Times Staff Writer
Keira Knightley's performances in films depicting earlier times have been enhanced by the creativity of costume designers, who have forged unique fashion statements for each of the star's roles.
As Georgiana Spencer
'The Duchess,' 2008
Costume designer Michael O'Connor studied portraits by 18th century painters Joshua Reynolds and Thomas Gainsborough to help create Georgiana's look. He created 30 dresses for Knightley's character, including this wedding gown of cream silk with diamond detailing. "For me, fashion is all about fantasy and creating characters," Knightley told the Associated Press. "It's amazing to work with a costume designer to build someone from the ground up. You start with the socks." Famously not into fashion, Knightley added, "It's just amazing to me that you can define yourself by what you wear. But I guess that idea of designing the person you want to be goes back to The Duchess."
As Elizabeth Swann,
'Pirates Of The Caribbean,' 2003-2007
From a corseted damsel in distress to a brash, challenging leader, Keira Knightley's costumes throughout Disney's high-seas adventure trilogy matched Elizabeth's evolving maturity. Designer Penny Rose used ivory silk and raffia fabric for Elizabeth's wedding dress (Dead Man's Chest); and chose an antique quilted cotton bedspread for the petticoat. In an interview, Rose said, "I only do real. There's a lot of fantasy in the story, but not in the costumes. We want these clothes to look like they've been slept in and worn forever. Aging and dyeing for a period film are absolutely vital. I don't like people to look as if they've just walked out of a shop."
'King Arthur,' 2004
Director Antoine Fuqua took the Arthurian legend from a mystical fable to a gritty, politically charged war movie, featuring Knightley as the scantily clad warrior queen. Guinevere's battle dress (or lack of) received much commentary with the movie's release. "What we had to find was a costume that looked rustic and like it'd been handmade. . . . We did actually initially have me in full armor. But it didn't work. You just think, 'Well, where did she suddenly get that from?' " Knightley said in an interview with Cinema Confidential.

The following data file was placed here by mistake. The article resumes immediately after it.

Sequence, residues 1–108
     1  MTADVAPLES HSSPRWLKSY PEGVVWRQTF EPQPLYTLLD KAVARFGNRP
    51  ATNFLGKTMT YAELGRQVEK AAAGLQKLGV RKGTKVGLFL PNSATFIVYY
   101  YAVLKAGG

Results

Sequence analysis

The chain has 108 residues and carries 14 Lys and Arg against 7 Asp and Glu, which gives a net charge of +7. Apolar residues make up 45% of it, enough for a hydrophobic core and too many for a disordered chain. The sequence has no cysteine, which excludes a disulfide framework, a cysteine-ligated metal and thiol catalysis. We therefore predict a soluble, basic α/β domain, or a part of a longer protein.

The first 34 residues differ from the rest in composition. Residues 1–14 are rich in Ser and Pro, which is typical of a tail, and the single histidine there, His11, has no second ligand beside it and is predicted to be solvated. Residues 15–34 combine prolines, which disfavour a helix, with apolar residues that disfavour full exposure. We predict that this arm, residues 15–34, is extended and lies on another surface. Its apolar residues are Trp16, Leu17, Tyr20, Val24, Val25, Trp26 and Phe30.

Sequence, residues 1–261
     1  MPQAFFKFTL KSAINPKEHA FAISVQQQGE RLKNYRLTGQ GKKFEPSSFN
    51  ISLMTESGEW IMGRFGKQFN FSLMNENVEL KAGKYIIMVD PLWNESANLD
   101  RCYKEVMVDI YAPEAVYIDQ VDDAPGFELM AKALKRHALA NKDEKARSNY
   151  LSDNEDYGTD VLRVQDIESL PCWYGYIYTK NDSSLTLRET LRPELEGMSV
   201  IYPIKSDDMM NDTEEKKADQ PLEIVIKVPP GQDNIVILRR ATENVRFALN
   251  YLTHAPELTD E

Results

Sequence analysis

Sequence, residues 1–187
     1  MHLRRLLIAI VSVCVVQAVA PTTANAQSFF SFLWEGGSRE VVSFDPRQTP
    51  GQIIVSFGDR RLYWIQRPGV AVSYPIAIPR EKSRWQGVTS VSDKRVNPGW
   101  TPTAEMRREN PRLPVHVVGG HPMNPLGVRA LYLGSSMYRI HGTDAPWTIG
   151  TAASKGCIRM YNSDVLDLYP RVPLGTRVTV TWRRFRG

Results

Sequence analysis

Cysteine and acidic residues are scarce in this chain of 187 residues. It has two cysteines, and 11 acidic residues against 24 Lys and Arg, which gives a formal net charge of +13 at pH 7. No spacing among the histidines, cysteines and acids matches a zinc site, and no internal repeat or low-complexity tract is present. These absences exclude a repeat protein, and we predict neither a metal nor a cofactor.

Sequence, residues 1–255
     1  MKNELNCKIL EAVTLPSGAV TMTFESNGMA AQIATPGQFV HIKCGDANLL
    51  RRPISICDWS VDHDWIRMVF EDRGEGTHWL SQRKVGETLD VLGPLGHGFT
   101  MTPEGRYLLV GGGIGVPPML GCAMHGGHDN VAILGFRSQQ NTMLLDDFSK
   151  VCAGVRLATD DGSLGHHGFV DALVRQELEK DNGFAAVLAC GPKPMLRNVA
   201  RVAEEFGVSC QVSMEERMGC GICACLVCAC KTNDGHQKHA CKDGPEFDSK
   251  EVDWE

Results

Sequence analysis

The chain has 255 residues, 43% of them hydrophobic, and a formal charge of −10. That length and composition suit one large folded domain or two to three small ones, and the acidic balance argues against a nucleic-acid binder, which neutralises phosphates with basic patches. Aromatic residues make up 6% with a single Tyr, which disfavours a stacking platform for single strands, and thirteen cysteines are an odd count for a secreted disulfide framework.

As Elizabeth Bennet,
'Pride & Prejudice,' 2005
Costume designer Jacqueline Durran played up Elizabeth's tomboyish personality and love of the outdoors by dressing Knightley in subtle earth tones and unadorned dresses. To get away from the less flattering empire-waisted fashions of the early 1800s, Joe Wright, the director, asked Durran to focus on a corseted waist seen in the 1700s.
As Cecilia Tallis,
Durran again teamed up with Wright to create Atonement's 1930s sophisticated wardrobe, which included the show-stopping green dress worn by Knightley. Wright specifically requested Cecilia be clothed in green, and after choosing the iconic shade, Durran had a British master dyer create the color, which was a cross of three separate green hues. "Joe wanted the gown to have a wide hemline so that it moved beautifully when she walked. He knew he was going to shoot the ground and the dress billowing," Durran said in an interview with the Los Angeles Times. "It also had to be a dress that she looked almost naked in, as fine a fabric as possible, and loose-bodied." The dress has since been voted the best film costume in a poll by Sky Movies and In Style.
Sources: "How I undressed Mr. Darcy," the London Daily Telegraph; "The Past Made New," Los Angeles Times; The Duchess Web site; allmovieportal.com; cinecone.com; Associated Press